Friday, August 19, 2011

A different election?

In my reviewing the 2008 election, I saw it as a foregone conclusion. President Obama had been running for the office for over four years and was specifically groomed for the office. Anyone who doubts that should only go back to his 2004 speech at the DNC. He wrote books to carefully lay out his views and everything he did in the Senate was to head him in that direction.

It was a candidate who could not lose. He was in the party that could not lose. The political and economic wind was blowing at the Democrats' back and in the Republicans' face. The war in Iraq and to a lesser degree in Afghanistan made the Democratic candidate an almost foregone conclusion.

And he was pitted against a candidate who could not win. Sen McCain was not a strong candidate. He admitted openly that he was not an expert in the economy and was more interested in debating than deciding.

Now it's 2012 (well, will be soon). I just heard an interview on WLFJ 660 AM with Michelle Bachmann and I am impressed. (I'm hoping to find the interview on their archives and will post a link here if I find it). Her answer during the debate to the "submit" question was amazing. I've also posted recently about Gov Perry's approach to solving school problems.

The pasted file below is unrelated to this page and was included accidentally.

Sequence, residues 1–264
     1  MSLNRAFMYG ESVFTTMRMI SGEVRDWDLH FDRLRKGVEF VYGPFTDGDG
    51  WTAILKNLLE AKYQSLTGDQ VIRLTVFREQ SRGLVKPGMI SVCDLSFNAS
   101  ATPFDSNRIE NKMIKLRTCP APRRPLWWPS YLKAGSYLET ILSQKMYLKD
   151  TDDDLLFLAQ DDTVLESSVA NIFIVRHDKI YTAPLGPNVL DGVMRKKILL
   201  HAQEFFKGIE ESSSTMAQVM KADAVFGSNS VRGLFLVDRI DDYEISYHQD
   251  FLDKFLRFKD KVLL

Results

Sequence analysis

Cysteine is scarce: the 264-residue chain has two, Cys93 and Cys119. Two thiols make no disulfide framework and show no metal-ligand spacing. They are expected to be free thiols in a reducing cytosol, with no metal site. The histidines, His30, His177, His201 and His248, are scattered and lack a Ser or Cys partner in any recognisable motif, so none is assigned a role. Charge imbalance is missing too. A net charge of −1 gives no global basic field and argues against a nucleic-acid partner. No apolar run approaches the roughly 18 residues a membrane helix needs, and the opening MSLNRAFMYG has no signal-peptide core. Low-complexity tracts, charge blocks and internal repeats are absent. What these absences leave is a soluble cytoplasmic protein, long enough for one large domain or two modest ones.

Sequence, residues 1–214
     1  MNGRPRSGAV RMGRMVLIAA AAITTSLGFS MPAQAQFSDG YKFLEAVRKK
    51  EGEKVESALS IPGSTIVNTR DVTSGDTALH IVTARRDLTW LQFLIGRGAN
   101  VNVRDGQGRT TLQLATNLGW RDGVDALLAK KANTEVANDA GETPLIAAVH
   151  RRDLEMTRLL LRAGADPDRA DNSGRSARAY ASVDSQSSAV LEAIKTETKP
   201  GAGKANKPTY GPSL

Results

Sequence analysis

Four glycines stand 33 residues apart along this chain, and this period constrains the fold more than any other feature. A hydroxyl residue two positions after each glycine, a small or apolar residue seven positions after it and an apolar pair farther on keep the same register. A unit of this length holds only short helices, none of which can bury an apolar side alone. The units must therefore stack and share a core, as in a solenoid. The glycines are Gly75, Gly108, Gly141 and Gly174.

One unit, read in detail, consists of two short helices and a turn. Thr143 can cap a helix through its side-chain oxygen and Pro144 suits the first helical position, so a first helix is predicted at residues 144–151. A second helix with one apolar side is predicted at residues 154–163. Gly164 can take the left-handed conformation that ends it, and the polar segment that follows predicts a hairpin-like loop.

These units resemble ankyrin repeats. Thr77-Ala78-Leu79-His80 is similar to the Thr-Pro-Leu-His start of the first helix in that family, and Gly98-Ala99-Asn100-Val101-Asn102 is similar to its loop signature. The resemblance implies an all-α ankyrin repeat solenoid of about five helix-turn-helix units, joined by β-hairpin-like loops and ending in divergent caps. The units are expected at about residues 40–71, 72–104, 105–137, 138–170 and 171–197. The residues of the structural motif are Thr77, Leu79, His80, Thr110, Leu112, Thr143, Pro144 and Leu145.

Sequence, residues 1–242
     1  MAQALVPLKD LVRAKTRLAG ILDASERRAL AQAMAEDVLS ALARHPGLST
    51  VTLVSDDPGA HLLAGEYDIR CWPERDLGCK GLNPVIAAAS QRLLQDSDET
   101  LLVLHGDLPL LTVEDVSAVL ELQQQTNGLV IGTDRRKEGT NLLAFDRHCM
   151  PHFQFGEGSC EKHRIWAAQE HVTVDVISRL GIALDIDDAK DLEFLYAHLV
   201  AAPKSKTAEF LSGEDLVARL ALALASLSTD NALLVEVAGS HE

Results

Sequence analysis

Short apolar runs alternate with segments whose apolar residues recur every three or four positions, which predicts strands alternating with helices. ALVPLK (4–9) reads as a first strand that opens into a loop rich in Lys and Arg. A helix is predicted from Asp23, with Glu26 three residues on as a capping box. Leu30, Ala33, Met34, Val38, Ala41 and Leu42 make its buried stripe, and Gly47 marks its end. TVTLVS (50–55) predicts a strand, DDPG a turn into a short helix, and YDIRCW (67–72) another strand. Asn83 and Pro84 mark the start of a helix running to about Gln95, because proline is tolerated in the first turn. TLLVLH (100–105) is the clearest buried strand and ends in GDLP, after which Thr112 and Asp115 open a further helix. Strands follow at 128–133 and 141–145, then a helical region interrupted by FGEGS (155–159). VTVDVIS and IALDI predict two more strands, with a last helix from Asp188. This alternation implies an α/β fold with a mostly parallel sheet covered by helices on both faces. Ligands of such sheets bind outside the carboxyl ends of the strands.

It's still early, but it seems to me that the Republicans have a much stronger group of candidates than they did in 2008. Will this be a different election?

Wednesday, August 17, 2011

Rep Gowdy sees his term in office as a lost opportunity

Most of my readers probably don't know Rep. Gowdy. He's one of the congressmen swept into office last year on a conservative wave. He represents my part of SC, a traditionally conservative area, and beat out Rep. Bob Inglis in the primaries. I can't be certain who I voted for in the primaries, but I know I voted for Gowdy in the general election.

Earlier this week, Gowdy said he saw his first six months in office as "a lost opportunity." (Source: Greenville News). Gowdy acknowledged that be "really did not have a frame of reference because [he'd] never served in the Legislature before." And he noted that "There’s more civility in a criminal trial (his former job was a prosecutor) than there is in politics."